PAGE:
FILE - In this Oct. 3, 2017 file photo, job seeker Alejandra Bastidas fills out an application at a job fair at Dolphin Mall in Sweetwater, Fla. U.S. businesses added 219,000 jobs in July 2018, a private survey found, a robust total that suggests employers are still able to find the workers they need despite the low unemployment rate. Payroll processor ADP says hiring was led by health care providers, hotels and restaurants, and manufacturers. July’s figure was up from 181,000 in June and is enough to lower the already-low jobless rate of 4 percent. (AP Photo/Alan Diaz, File)

Survey: US companies add a robust 219,000 jobs in July

August 01, 2018 - 9:38 am

WASHINGTON (AP) — U.S. businesses added 219,000 jobs in July, a private survey found, a robust total that suggests employers are still able to find the workers they need despite the low unemployment rate.

Payroll processor ADP said Wednesday that hiring was led by health care providers, hotels and restaurants, and manufacturers. July's figure was up from 181,000 in June and is enough to lower the already-low jobless rate of 4 percent over time.

Tax cuts and greater government spending are accelerating the economy's expansion. Growth reached an annual rate of 4.1 percent in the April-June quarter, the fastest in four years. The pickup comes as the economic expansion enters its tenth year, the second-longest in U.S. history.

The report arrives two days before the government releases the official monthly employment figures. Economists forecast that Friday's jobs report will show employers added 190,000 jobs, according to a survey by data provider FactSet.

The unemployment rate is projected to slip to 3.9 percent, near an 18-year low.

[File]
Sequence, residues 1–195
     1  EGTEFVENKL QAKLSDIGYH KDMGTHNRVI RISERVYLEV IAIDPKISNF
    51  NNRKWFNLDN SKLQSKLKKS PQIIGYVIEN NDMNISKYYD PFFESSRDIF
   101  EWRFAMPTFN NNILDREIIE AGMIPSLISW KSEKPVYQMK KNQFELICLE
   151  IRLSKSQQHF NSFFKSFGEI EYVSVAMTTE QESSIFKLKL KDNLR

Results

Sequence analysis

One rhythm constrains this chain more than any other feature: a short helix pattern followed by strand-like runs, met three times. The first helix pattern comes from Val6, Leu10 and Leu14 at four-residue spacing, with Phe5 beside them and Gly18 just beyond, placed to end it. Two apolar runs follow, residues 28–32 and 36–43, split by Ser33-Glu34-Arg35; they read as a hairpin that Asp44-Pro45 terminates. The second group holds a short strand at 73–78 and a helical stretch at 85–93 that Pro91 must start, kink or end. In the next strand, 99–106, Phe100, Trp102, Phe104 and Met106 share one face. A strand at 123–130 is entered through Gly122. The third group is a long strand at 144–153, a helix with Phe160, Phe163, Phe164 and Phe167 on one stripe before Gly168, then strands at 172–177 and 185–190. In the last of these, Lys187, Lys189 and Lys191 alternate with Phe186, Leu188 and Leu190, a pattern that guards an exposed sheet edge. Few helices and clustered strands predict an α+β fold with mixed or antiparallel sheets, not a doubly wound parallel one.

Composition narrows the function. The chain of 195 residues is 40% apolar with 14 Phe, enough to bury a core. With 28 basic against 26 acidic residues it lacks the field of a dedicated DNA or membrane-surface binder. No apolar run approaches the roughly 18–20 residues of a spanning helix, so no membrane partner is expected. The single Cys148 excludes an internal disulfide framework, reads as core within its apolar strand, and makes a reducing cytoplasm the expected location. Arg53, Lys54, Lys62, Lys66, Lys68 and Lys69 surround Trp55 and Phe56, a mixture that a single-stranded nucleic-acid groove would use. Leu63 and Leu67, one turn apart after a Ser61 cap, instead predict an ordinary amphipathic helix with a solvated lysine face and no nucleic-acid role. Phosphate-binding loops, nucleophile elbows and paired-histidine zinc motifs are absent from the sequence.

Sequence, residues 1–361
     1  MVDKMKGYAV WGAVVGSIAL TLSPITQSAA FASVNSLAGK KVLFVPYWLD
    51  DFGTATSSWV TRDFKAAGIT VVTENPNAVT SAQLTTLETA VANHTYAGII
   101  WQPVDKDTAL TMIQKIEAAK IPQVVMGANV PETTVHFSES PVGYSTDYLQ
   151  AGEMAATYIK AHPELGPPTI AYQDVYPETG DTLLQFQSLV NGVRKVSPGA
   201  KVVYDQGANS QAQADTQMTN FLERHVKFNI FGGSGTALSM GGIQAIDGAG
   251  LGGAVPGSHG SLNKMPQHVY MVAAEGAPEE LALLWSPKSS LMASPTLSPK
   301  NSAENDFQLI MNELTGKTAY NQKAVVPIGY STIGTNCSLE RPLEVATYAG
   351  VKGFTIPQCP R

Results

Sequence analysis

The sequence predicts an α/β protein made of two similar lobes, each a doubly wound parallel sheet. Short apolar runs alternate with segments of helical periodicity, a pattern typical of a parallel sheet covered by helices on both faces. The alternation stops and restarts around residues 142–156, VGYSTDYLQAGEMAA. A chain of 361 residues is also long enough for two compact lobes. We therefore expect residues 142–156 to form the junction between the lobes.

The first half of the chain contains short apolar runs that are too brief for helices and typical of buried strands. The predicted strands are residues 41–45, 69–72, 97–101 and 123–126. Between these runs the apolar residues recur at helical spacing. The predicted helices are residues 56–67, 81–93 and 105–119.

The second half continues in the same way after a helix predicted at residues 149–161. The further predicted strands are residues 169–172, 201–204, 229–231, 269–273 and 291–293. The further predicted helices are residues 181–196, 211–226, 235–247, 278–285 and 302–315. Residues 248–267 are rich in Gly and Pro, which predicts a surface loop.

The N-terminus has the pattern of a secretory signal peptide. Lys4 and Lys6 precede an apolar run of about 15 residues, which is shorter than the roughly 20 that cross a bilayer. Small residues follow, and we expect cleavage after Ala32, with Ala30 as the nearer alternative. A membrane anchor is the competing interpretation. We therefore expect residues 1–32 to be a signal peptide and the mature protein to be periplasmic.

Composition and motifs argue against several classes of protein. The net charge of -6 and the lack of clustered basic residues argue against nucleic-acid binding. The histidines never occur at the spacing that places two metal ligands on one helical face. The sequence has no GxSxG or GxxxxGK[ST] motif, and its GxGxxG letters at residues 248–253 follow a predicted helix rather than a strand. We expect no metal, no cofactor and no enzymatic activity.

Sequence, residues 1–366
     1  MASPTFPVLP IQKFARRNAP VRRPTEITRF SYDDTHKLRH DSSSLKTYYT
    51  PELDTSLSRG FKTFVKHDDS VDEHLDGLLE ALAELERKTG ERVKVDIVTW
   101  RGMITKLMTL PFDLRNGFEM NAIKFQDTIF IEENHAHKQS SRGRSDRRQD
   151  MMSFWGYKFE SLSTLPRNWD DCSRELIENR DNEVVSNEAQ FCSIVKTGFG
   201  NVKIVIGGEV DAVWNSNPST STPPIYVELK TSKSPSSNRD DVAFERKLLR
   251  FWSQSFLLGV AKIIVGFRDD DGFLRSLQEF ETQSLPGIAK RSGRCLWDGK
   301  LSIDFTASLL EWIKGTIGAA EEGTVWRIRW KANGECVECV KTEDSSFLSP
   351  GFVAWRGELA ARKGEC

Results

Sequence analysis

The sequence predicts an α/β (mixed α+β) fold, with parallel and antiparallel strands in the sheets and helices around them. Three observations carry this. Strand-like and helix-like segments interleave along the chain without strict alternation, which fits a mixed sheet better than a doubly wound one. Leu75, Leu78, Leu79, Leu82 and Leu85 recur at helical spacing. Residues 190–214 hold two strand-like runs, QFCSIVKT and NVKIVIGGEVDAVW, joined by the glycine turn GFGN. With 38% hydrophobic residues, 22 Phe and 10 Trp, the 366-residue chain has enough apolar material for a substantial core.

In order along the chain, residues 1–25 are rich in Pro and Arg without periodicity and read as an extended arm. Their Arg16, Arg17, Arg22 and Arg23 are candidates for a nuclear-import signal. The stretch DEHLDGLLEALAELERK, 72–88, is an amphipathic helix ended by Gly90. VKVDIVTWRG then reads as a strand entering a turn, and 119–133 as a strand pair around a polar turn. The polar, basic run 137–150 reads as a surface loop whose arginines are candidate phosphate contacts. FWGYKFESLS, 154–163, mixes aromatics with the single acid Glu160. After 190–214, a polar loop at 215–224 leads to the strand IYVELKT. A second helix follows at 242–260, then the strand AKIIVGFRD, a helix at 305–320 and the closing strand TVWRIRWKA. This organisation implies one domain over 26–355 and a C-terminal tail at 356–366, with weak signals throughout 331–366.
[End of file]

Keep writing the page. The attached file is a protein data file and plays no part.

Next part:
ADP compiles hiring data from millions of companies that are clients of its payroll services. Its figures frequently diverge from the government's report.

Mark Zandi, chief economist at Moody's Analytics, which calculates the ADP data, said the trade fights between the United States, China, the European Union and other countries have so far had little impact on overall hiring.

But large multinational firms cut jobs last month, Zandi said, which may have been a result of the tariffs the U.S. and others have imposed.

The Trump administration has slapped duties on steel and aluminum, as well as on $34 billion of goods imported from China, and some types of lumber from Canada.

"If the tariff increases are limited to what we've seen so far, no big deal," Zandi said.

But if the Trump administration proceeds with its threat to place import taxes on another $200 billion of Chinese imports, that would slow growth and lower hiring, he said.

Still, Zandi expects strong job gains to continue through this year and into 2019, potentially driving the unemployment rate below 3.5 percent.

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